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Storage Bin 2.0: A perfect time to return

Infrastructure 3.0 has lured Steve Duplessie out of "retirement." Read his thoughts about the third era of data and how all of this "brand-spanking-new stuff" will affect the market.

Infrastructure 3.0 is a good reason not to retire.

Did you truly think I could stay away from this column for long? Don't be silly. It was all a negotiating ploy, and boy did it ever work. I figured I would try to scare these guys into paying me the really big money, but I got a free Storage magazine subscription instead.

I showed them!

That's not really true. What is true is that my intentions were good, but my timing was bad. Handing off Storage Bin was a little like sending the kids to camp--it seemed like a good idea at the time, but as soon as I turned my back, I started missing the buggers.

So while I enjoyed saving the eight minutes I would have otherwise spent writing this column, as well as the huge sense of relief from not having to perform literary magic each month, fate has brought me back to you. I'm glad, really. I missed you, as silly as that sounds. It was a mistake to give up this coveted space because for the first time in a very, very long time, the storage world is about to become red hot--and by that I mean turbulent, chaotic and perhaps even interesting.

We all know I love a volatile, messy market. The world around us is changing rapidly and it isn't about technology. It's about the third era of data: the data generated in a Web 2.x world that's enabling 13-year-olds to yap on MySpace, and a place where GE (and you) will be forced to deal with more data, in more formats, for more reasons and with more unknowns than ever before. This is brand-spanking-new stuff that requires brand-spanking-new thinking, and where brand-spanking-new firms and technologies will be able to wreak havoc with zillion-dollar legacy vendors, processes and people. It's Infrastructure 3.0, baby, and the leap may be as intense as when we moved from the Mesozoic (dinosaurs) to the Cenozoic (rugby players) age. At the very least, it will provide me with something to write about.

Think about it this way: Infrastructure 1.0 was born during the Transactional Era, when requirements were tightly controlled and systems were monolithic and bulletproof. Infrastructure 2.0 came about during the Distributed Era, which meant cheaper, smaller versions of the previous generation's systems and solutions, and the addition of file interfaces instead of just block. Now, Infrastructure 3.0 is required for the commercial Internet Era where absurdly scalable, really cheap, self-managed storage is the order of the day.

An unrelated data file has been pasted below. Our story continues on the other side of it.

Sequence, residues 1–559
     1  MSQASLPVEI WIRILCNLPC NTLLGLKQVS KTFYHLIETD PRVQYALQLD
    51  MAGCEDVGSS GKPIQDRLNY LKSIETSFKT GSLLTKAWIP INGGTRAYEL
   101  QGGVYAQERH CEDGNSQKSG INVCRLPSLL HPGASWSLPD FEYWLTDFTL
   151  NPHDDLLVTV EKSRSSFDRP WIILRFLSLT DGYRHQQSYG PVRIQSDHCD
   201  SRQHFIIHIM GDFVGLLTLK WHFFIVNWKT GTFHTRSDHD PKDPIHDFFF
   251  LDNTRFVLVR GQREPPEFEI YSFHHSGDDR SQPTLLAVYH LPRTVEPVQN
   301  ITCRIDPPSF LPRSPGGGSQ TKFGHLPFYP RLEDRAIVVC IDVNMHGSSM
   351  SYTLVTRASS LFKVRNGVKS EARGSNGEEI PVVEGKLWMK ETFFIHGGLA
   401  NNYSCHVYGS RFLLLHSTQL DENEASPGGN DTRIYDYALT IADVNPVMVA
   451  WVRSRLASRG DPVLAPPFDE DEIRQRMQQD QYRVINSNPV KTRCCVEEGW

Speaking of extinction, I'm happy to report that the death of NAS next-gen pioneer Isilon has been somewhat overstated. Isilon did run afoul of Wall Street when it allowed ridiculous IPO expectations to be set and then chased those expectations. After the smoke cleared, however, it turns out that the popular developer of what has been the most successfully packaged clustered "scale-out" (read: Infrastructure 3.0) NAS product by any metric isn't quite dead yet. It continues to acquire customers at a fast clip, and existing customers are gobbling up more of Isilon's stuff every day. The company seems to have weathered a storm brought on mostly by itself and looks no worse for the wear. Now it just has to let its results do the talking--win or lose.

The revolution of evolution is upon us. EqualLogic brought in $1.3-plus billion beans because it saw the past as a sure way to extinction and evolved to change the way we think about block storage. Isilon did the same for file storage. The Digitalzoic era has begun. Let the games begin.

Article 17 of 19

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